Le monde cherche un futur marks an aesthetic, as well as an ideological evolution in the work of Ousmane Niang. In a series of three paintings, Ousmane Niang breaks away from the figurative scenes he usually depicts and ventures toward compositions on the verge of abstraction. All three, introduce a human figure into the artist's traditional bestiary. There is no sharp dichotomy between man and beast or even between species, but it is rather an evocation of the diversity of beings as a whole.
In this new chapter, Ousmane Niang extends the lines of thought he has developed in the past and disseminates the elements necessary to establish the foundations of a sustainable future and respond to the challenges involved. He encourages individuals to reinvent themselves in a collective commitment supported by youth and carried out by education.
Ousmane Niang's work aims to make his audience question research and create, his arch of future-seeking animals naturally features an iconography linked to education through the traditional motif of the book, but also the telephone - anchoring its purpose in contemporary society. The new means of communication reveal to be an infinite source of knowledge and a tool for mediation.
Within one of the canvases, a monkey is reading, accompanied by a curious meerkat. The book is at the centre of the composition, and becomes the main subject. It is around it that people gather, the pointillist motif aims towards it, while the background is composed - uncharacteristically for the artist - of irregular colour patches. The manual is bathed in a luminous yellow, it lights up the canvas. Its sunny hue reverberates on the plant elements that grow around it. Colour, and by extension culture, becomes a source of life and it lends its hues to nature. Ousmane Niang, with his pictorial verb, addresses that knowledge makes life grow. Thus the future he draws is based on knowledge and education, the thirst for learning, which leads to the mastery of contemporary subjects, is the fundamental pillar of a prosperous future.
Ousmane Niang used to stage the social hierarchy through the figure of the animalised man and the animal that remains wild; this split is no longer so clear-cut. On the contrary, the anthropomorphic figures reach out to the other animals. This idea of taming goes hand in hand with the solidarity emerging from the entire composition. However, the dominant side of the relationship that Ousmane Niang exposed in his series Jeux de cartes (2020-2021) is symbolised through the figure of the firmly held fish. This position of superiority could be a source of de-motivation for young people and risks degradation in developing societies. Thus, Le monde cherche un futur marks an aesthetic, as well as an ideological evolution in the work of Ousmane Niang. In a series of three paintings, Ousmane Niang breaks away from the figurative scenes he usually depicts and ventures toward compositions on the verge of abstraction. All three, introduce a human figure into the artist's traditional bestiary. There is no sharp dichotomy between man and beast or even between species, but it is rather an evocation of the diversity of beings as a whole. Ousmane Niang focused on man as ‘Homo Sapiens' within the context of the evolution of monkey to man. On the canvas, symmetrical to the simian figure, he evokes temporality in reference to the Darwinian theory of evolution. The roots that extend the bodies reinforce this idea of genealogy and heritage. Thus, the Senegalese painter invokes the past and present of humanity to suggest its future. Beings shall not be thought in opposition but in parallel. By extension, Ousmane Niang applies this metaphor to humans and nations, the artist's paintings teach us to build the future in cohesion rather than in adversity. It is a call to renounce conflict, to put aside ego and personal interests because the key to a better future lies in a collective movement. In conclusion, Ousmane shows individuals who coexist in peace, those who merge with nature, mixing and blending their bodies with the roots of a tree, while also depicting harmony and cohesion through fantasised nature.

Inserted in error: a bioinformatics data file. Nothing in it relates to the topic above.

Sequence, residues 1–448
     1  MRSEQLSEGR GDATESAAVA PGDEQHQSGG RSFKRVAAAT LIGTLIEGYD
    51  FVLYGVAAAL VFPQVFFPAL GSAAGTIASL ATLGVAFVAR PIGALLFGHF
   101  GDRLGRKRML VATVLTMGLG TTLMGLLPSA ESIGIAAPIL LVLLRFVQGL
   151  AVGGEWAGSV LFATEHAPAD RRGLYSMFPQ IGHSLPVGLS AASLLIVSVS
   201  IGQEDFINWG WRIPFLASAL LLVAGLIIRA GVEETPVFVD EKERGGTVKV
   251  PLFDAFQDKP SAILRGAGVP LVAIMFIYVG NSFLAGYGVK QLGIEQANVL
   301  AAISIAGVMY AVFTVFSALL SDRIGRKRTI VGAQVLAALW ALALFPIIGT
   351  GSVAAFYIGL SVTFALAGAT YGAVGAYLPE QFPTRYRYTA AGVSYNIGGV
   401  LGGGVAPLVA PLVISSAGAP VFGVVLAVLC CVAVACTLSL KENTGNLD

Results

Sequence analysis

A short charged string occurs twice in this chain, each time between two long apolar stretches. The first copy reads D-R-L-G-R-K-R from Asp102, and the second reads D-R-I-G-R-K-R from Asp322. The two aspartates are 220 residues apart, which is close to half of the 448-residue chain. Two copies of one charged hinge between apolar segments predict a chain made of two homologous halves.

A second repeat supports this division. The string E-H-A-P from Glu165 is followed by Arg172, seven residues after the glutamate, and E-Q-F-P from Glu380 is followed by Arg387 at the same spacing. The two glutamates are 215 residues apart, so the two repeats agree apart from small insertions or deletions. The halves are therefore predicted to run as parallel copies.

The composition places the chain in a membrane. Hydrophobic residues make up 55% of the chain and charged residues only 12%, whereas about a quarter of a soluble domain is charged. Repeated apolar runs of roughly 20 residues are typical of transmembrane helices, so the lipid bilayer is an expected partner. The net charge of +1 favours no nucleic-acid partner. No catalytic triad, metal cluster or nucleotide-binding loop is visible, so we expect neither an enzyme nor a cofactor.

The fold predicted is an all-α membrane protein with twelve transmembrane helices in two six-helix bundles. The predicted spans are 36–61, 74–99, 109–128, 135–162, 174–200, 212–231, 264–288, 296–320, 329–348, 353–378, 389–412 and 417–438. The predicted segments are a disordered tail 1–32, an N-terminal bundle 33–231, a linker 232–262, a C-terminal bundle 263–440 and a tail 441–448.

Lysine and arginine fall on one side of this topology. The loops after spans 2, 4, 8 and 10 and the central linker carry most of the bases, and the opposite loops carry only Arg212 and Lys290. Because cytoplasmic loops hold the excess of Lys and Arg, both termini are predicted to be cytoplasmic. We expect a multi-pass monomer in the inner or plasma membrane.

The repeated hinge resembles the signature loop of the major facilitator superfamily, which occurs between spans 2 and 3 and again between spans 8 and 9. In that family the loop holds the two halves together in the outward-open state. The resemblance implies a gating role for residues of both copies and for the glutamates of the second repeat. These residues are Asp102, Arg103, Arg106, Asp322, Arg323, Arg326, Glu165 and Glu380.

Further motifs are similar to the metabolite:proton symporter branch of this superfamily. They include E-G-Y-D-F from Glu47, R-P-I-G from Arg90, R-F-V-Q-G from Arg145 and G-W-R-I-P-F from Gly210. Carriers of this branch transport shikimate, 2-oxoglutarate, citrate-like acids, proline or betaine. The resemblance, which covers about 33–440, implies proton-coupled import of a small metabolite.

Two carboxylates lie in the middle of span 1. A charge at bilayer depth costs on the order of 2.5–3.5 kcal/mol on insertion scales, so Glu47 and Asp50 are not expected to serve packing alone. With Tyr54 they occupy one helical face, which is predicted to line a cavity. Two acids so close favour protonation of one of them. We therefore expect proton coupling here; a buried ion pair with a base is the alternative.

Previously discreet, the floral elements sometimes emerge as a mutation of the pointillist motif. Whilst individuals and nature merge, in the future predicted by Ousmane Niang, man has found his path among the living world. Following the image of the rhizome developed by Edouard Glissant - itself borrowed from Gilles Deleuze and Félix Guattari - Ousmane Niang calls to build a composite culture. Rather than annihilating one or the other, he invites us to draw on the richness of each to compose the future together. As Felwine Sarr points out in his essay, Habiter le monde (2017): "To inhabit the world is to conceive oneself as belonging to a space larger than one's ethnic group, one's nation... it is to fully inhabit the histories and riches of the plural cultures of humanity."
Thus, in Le monde cherche un futur, Ousmane Niang invites the audience to dream of a better future.